Re: Intermediate Representation (Pierre Jouvelot)
Mon, 13 Aug 90 21:41:19 GMT

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Newsgroups: comp.compilers
From: (Pierre Jouvelot)
Keywords: code, optimize, design
Organization: MIT
References: <> <> <> <>
Date: Mon, 13 Aug 90 21:41:19 GMT

In article <>
(Preston Briggs) writes:

>In article <> I write:
>>With the AST approach, the cleanest way to deal with this overabundance of
>>control structures is to define a single "generic" loop construct; all the
>>control structures can then be trivially desugared (e.g., by the parser)
>>into your own version of loop.
>I don't see the trivial desuguring by the parser, particularly with an IF -
>GOTO form of the loop.
>I can see discovering the entire CFG and then doing interval analysis to
>discover a nice tree-like grouping of nested control structures a la Sharir
>(or others), but you're still punting on irreducible flow graphs.

Well, you almost got a point here. The way the PIPS system deals with
irreducible flow graphs is interesting. Basically, the AST data type
definition looks something like this (I use the straightforward NewGen
syntax) :

        instruction = block:instruction* + test + call + loop + unstructured ;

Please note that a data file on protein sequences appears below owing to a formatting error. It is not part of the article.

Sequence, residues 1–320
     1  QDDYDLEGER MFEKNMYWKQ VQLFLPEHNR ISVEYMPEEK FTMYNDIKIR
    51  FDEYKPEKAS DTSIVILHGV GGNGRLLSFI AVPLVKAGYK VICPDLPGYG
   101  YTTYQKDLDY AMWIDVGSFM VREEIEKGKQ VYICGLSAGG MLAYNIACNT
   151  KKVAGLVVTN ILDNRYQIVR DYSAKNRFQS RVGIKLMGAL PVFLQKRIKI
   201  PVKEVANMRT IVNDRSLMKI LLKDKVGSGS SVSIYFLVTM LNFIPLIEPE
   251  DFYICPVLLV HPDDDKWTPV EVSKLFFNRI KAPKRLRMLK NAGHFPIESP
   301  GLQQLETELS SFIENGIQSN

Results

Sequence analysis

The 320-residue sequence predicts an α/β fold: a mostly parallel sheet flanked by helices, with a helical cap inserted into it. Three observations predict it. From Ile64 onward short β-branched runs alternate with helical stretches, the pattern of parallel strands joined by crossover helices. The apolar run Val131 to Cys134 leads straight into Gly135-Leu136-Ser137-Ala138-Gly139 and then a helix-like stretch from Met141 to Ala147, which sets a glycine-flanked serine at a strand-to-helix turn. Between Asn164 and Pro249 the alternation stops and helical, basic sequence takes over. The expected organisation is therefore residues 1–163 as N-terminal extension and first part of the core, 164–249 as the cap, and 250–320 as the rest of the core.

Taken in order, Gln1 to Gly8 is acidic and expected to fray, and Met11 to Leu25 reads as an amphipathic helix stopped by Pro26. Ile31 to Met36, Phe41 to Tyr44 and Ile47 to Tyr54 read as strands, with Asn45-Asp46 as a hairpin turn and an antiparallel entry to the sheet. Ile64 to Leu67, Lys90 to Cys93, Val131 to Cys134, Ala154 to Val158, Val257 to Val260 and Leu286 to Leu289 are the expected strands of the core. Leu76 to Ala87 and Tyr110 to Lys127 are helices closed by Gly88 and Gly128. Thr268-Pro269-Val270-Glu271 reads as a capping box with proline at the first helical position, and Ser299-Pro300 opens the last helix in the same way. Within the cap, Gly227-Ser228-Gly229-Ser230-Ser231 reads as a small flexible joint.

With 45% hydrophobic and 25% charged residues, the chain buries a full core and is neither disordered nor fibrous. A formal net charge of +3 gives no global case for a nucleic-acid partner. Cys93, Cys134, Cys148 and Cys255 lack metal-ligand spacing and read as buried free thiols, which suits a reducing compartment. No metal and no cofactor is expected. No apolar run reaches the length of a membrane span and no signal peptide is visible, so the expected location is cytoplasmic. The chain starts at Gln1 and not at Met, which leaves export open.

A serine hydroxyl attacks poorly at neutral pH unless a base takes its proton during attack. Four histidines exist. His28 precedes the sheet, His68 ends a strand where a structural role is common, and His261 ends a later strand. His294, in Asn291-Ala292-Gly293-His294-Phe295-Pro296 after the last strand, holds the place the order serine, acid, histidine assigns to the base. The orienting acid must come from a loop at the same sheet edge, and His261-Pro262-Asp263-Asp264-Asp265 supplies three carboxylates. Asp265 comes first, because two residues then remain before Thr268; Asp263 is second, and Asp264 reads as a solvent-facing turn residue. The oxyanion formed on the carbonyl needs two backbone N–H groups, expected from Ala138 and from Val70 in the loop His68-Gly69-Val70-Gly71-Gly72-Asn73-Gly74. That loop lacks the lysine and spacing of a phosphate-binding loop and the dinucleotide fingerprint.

test = condition:expression x true:instruction x false:instruction ;

        unstructured = instruction x predecessors:unstructured*
x successors:unstructured* ;


which says that an instruction is either a block (which is a list of
instructions), a test (which has a condition expression and a true and false
instruction), a call or a loop (not specified here) or an "unstructured". An
"unstructured" datatype denotes a control structure that could correspond to
an irreducible graph. The key point is that the instruction that appears in
an "unstructured" value can be *any* instruction (i.e., can be a block, or a
test ... or even another control graph !). The usual data flow algorithms
seem to carry along with this kind of recursive approach (although I still
have to find the time to prove it :-).

With this way, you keep the power of ASTs while being able to deal with
arbitrary control graphs on which, our parallelizer is pretty unable to do
much about, anyway. However, notice that, if you can figure out (as I do)
that a "dirty" control graph is embedded inside an otherwise "nice" DO loop,
then from the outside, the loop looks like a well structured one which can
be parallelized ; this is a great plus of this approach.

. CAI, Ecole des Mines, Paris (France):
. LCS, MIT, Cambridge (USA):

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